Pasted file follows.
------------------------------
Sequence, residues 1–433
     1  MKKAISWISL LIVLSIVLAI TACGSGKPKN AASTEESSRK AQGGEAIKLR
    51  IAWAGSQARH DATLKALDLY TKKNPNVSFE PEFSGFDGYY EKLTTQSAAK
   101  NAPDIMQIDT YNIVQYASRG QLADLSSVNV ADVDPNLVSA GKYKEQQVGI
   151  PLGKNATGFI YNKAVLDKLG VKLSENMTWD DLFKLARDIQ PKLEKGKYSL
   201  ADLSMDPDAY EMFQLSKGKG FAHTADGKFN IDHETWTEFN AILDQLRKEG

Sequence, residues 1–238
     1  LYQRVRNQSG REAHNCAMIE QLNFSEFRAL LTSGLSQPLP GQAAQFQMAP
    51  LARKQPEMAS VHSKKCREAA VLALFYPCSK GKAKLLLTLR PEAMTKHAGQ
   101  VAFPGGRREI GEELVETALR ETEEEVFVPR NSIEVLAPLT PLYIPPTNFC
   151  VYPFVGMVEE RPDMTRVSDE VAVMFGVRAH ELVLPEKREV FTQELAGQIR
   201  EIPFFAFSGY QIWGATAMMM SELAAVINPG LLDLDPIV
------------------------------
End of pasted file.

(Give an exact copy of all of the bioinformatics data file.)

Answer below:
Sequence, residues 1–433
     1  MKKAISWISL LIVLSIVLAI TACGSGKPKN AASTEESSRK AQGGEAIKLR
    51  IAWAGSQARH DATLKALDLY TKKNPNVSFE PEFSGFDGYY EKLTTQSAAK
   101  NAPDIMQIDT YNIVQYASRG QLADLSSVNV ADVDPNLVSA GKYKEQQVGI
   151  PLGKNATGFI YNKAVLDKLG VKLSENMTWD DLFKLARDIQ PKLEKGKYSL
   201  ADLSMDPDAY EMFQLSKGKG FAHTADGKFN IDHETWTEFN AILDQLRKEG

Sequence, residues 1–238
     1  LYQRVRNQSG REAHNCAMIE QLNFSEFRAL LTSGLSQPLP GQAAQFQMAP
    51  LARKQPEMAS VHSKKCREAA VLALFYPCSK GKAKLLLTLR PEAMTKHAGQ
   101  VAFPGGRREI GEELVETALR ETEEEVFVPR NSIEVLAPLT PLYIPPTNFC
   151  VYPFVGMVEE RPDMTRVSDE VAVMFGVRAH ELVLPEKREV FTQELAGQIR
   201  EIPFFAFSGY QIWGATAMMM SELAAVINPG LLDLDPIV